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Considerations of “environmental, social and governance” (or ESG) criteria with respect to a company’s management and operations continue to take on greater importance in lenders’ and investors’ credit and investment decisions.  How a borrower or a target company measures up to these ever-developing ESG standards will impact its cost of capital and value to potential investors and acquirors. While it remains difficult to predict how the perception of a company’s ESG performance (or even its rating) may impact its capital-raising efforts or its likelihood of success or failure, a number of trends seem inevitable.

Continue Reading Trends in ESG for Members of the Restructuring Community

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Foreign companies seeking to protect their overseas assets from their creditors have often turned to the United States for immediate relief under Chapter 11 of the Bankruptcy Code.  Establishing jurisdiction in the US for purposes of a bankruptcy filing has proved easy – the establishment of a nominal professional fees retainer with a local law firm on the eve of a bankruptcy filing will suffice.  Upon such a filing, the automatic stay under Section 362 of the Bankruptcy Code goes into global effect, shielding a foreign debtor’s assets, wherever they may be located, from creditors’ recovery actions and litigation. At times, that relief may be short-lived. An aggrieved creditor may challenge a bankruptcy filing as having been made in “bad faith”, seeking to dismiss a pending bankruptcy proceeding that it believes was designed for the sole purpose of frustrating the exercise of its creditor rights and remedies and for which US jurisdiction was manufactured.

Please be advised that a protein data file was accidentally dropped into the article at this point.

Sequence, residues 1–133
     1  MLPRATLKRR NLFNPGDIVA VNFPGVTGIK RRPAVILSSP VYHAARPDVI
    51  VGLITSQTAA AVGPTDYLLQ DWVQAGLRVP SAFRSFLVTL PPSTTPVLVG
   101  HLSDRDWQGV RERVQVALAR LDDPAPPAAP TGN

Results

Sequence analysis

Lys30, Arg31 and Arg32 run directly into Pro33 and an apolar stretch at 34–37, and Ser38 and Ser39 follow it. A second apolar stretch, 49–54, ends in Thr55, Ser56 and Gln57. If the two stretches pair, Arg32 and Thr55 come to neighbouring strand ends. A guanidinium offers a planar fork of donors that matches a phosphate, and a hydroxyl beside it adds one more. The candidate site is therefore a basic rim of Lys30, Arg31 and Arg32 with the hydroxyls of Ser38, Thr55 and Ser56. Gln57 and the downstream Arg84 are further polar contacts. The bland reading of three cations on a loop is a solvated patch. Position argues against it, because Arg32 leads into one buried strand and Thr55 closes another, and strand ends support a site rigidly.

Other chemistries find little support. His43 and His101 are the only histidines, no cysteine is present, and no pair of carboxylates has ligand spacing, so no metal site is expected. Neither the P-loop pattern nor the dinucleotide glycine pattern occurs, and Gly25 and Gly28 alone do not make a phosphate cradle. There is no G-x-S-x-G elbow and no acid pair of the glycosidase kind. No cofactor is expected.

Continue Reading Foreign Debtors and Chapter 11 – Seeking Relief from Turbulent Skies

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The merchant cash advance (“MCA”) industry recently provided two different bankruptcy courts with an opportunity to consider the characterization of MCA funding transactions as either “true sales” of receivables or “disguised loans”. [1] MCA funders typically provide cash to a financially distressed company in exchange for a percentage of that company’s future receivables collection. Companies in need of liquidity will often seek to monetize their receivables, either by selling them (i.e., a true sale) or using them as collateral for a loan (i.e., a secured loan). Recognizing the benefits of having an ownership interest in such assets in case of a counterparty’s bankruptcy, MCA funders typically attempt to structure their transactions as “purchases” of a company’s future receivables. For that same reason, a bankruptcy trustee or a debtor-in-possession will often argue that these transactions are really “disguised loans” and that the MCA funder is only a secured creditor of the bankruptcy estate that owns the receivable.